Show Review: Alison Krauss + Union Station, M Ward at The Greek Theater – UC Berkeley, 6/25/11

by Dakin Hardwick on June 29, 2011

In 2007, Alison Krauss recorded a record with classic rock crooner Robert Plant. That record led to several years of touring, appearing on every critics’ best of list, and eventually helped solidify Krauss’ reputation as the queen of the Grammy’s. It also led to a 4 year hiatus from her regular band, Union Station. Everyone dabbled in solo stuff here & there, but rumors of a follow up to Raising Sand (the hit record that Krauss & Plantr recorded together) led some fans to worry that Alison Krauss + Union Station was a distant memory. This year, they quietly released a follow up to 2004’s excellent Lonely Runs Both Ways, the subdued  Paper Airplanes. This led to their first stretch of shows since 2005, and SpinningPlatters caught them in the middle of their summer tour.

Indie-rock guitar hero M Ward opened the show with a brief 30 minute set. He began with a stunning array of finger picking, evoking the styles of Leo Kottke and John Fahey. He then proceeded to play some of his own material, simply on guitar and vocals. His voice is pleasant, and his guitar playing is amazing, but I’ve never really felt that he has quite found himself as a songwriter. Aside from the improv at the beginning of the set, the only other moment where I really enjoyed what he was doing was during a cover on a Daniel Johnston song that he did on the piano. The crowd was quiet during his set, and applauded politely between songs. I honestly thought that they were being merely respectful, but later would I realize that this is how an Alison Krauss crowd responds to a musician.

The band took the stage at 8:45 on the dot. This being Berkeley, CA in late June, the band come out with appropriate gear, with sweaters, jackets, scarves, and so forth, ready to battle the weather. They proceeded to jump straight into the title track off of their recently released record Paper Airplane. The song is pretty, and spotlight’s Krauss’ beautiful voice nicely, but was definitely a slow starter… The weather was cooling quickly, and opening with a ballad is always a risky venture, especially an unfamiliar ballad. Second song of the set, and guitar player Dan Tyminski is already on lead vocals, for another Paper Airplane piece, “Dust Bow Children.” This song, another solemn number, but it’s darkness is so intense that it actually picked up the energy. I was actually getting worried that our set was going to be all ballads. Then, the band switched gears entirely to a fun and fierce bluegrass instrumental. The serious tone of the first two songs wore off, and it brought us to the kind of show that I expect from the biggest band in bluegrass.

It was nice seeing the band let loose… After the instrumental piece, Krauss addressed the crowd in her pleasant, folky way. She joked about the height of the stage at The Greek (Which is rather tall… I’d estimate it at about 8 feet), and how she always remembers it as being the type of fall that would kill, and was happy to realize that it would merely maim you. It was funny, and she kept this kind of shtick going between songs throughout the show.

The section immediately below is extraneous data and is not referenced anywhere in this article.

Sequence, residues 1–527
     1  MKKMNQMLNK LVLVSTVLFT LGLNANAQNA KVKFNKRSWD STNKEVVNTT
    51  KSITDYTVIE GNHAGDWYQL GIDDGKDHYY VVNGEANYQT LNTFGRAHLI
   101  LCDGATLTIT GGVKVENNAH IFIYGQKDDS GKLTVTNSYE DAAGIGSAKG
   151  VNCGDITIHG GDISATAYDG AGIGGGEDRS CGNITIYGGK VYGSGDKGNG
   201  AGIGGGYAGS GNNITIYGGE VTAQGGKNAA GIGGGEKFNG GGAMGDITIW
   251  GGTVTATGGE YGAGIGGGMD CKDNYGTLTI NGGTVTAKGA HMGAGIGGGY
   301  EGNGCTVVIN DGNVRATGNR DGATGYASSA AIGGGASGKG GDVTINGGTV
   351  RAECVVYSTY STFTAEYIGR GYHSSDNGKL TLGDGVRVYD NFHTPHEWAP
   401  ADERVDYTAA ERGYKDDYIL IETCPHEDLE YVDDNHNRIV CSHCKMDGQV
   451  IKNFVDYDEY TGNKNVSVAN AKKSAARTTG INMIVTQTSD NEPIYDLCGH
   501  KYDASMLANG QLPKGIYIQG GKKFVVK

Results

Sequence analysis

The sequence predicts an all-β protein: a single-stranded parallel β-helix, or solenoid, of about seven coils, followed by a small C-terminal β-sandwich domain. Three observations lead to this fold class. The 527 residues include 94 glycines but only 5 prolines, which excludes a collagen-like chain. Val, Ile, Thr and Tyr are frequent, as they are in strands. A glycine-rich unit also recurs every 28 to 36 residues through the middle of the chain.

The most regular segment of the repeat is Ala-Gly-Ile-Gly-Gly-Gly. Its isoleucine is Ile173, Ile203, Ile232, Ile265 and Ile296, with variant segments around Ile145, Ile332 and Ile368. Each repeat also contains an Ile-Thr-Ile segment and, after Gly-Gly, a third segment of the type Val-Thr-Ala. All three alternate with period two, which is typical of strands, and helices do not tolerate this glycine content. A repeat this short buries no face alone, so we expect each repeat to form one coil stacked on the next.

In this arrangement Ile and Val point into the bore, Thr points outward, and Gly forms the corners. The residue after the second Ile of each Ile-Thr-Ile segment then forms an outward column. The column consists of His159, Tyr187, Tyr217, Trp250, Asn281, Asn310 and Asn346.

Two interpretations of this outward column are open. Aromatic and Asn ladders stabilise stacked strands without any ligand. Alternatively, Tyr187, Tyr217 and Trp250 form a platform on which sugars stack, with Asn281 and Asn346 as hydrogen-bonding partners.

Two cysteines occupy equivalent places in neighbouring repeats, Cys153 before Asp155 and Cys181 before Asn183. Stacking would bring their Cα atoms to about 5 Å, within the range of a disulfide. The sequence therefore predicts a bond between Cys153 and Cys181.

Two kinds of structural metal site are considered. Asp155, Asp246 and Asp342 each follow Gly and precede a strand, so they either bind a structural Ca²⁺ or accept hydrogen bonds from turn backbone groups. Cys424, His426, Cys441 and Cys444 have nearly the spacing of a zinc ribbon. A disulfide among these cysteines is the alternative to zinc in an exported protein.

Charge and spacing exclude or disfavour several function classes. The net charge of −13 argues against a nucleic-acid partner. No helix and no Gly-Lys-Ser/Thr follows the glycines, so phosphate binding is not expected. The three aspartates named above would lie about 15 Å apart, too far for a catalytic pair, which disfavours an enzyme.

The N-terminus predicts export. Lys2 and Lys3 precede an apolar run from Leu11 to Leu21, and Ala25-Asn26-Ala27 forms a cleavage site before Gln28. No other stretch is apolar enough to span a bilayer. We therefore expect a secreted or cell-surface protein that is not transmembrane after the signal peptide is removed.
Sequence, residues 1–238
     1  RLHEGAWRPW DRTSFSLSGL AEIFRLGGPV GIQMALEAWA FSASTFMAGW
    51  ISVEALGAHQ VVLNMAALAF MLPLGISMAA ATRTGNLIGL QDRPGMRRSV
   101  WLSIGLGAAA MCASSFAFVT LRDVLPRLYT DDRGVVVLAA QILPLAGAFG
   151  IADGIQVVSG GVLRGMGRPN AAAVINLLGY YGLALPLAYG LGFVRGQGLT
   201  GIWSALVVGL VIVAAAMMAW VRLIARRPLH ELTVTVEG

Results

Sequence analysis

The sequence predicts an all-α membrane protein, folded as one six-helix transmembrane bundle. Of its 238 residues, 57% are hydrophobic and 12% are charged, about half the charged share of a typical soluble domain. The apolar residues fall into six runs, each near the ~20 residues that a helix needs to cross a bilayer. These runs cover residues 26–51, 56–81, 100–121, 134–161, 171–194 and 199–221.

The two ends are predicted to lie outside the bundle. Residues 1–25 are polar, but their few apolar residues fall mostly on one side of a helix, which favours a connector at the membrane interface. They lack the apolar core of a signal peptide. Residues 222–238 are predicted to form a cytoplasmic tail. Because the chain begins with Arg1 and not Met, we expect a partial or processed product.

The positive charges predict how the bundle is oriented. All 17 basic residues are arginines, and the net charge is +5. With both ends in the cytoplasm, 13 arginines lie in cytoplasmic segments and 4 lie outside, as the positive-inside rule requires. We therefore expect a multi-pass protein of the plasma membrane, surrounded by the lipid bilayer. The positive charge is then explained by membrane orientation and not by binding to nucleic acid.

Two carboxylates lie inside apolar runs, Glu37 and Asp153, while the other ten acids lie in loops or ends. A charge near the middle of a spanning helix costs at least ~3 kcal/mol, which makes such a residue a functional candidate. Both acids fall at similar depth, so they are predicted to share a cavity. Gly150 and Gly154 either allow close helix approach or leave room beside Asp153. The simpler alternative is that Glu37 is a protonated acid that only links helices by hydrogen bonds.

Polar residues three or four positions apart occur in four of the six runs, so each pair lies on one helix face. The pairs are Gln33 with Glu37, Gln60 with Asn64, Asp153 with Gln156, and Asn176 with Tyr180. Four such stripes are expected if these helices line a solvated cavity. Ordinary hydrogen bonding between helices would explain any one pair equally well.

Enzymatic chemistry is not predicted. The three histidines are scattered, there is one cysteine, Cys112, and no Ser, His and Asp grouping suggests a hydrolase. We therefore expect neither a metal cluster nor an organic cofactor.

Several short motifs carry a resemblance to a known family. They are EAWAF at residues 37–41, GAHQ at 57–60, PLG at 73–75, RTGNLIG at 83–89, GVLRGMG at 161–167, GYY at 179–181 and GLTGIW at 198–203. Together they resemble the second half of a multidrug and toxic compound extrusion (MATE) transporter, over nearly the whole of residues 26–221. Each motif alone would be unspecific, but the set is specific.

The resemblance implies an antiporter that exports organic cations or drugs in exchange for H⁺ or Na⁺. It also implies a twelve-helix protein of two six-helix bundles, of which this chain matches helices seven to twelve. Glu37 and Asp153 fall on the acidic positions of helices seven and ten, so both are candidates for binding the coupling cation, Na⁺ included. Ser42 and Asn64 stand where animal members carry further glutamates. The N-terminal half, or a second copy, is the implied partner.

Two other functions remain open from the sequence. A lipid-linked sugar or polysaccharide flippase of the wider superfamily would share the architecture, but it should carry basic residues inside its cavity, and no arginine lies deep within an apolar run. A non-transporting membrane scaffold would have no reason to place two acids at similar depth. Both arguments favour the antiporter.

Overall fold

The band, in generally, seemed really happy to be playing, since tt’s been an awfully long time since they’ve last toured. All of them are some of the most proficient musicians in any form of music, and they gel together like few other bands. They all poked gentle fun at each other, and it all felt sincere. Guitarist/Banjo Player Ron Block was accused of being a fairweather vegeterian, and on the same note mocked bassist’s Barry Bales enjoyment of hunting. (She also made the only play on Berkeley’s reputation for liberalism, by asking Bales how he felt about being the the city where “the 60’s happened,” to get the rather quick response of “Didn’t the 60’s happen everywhere?”)

The only disappointing thing about the show was the crowd. No matter what the band played, the only response generated by the crowd was polite clapping between songs, especially up front. During some of the bigger “hits,” such as “Let Me Touch You For A While,” “Now That I’ve Found You,” and so forth, only in the very back did we here actual cheers. Even during the better known rave ups like “Sawing On The Strings” and “Boy Who Wouldn’t Hoe Corn,” only the lawn was audibly clapping along. I guess that, since only persons in the cheap seats seemed to be enjoying themselves, it proves that bluegrass really is populist music.

The set list itself was interesting… They played heavily from the aforementioned Paper Airplane, played a lot of crowd favorites, but managed to skip two major tracks: the bands biggest mainstream hit “When You Say Nothing At All,” and a song that was played nearly every night for years by Krauss, including the tour with Robert Plant, “Down To The River To Pray.” The crowd didn’t really seem to care, though. The only major hit that people seemed to be there solely for was “Man Of Constant Sorrow,” made famous by the movie O Brother Where Art Thou, which Tyminski played George Clooney’s singing voice. It looked like around 10 people up & left after that song. I don’t know if they were waiting specifically for that piece, or the fact that it was getting colder and well after 10:30 by the time they got to it.

The set, in whole, was 2 hours and 15 minutes, but to me felt like it was much shorter… They ended the main set with a fun, honky tonk version of “Oh Atlanta,” punctuated by some groovy piano playing and Douglas doing his best Chuck Berry and Pete Townsend moves. The crowd did bring the band back around for an encore, in which the group sang a song around a single omni directional mic in the corner of the stage. The was the only time where people stood up, only to walk from their seats to the part of the stage where the encore was happening.


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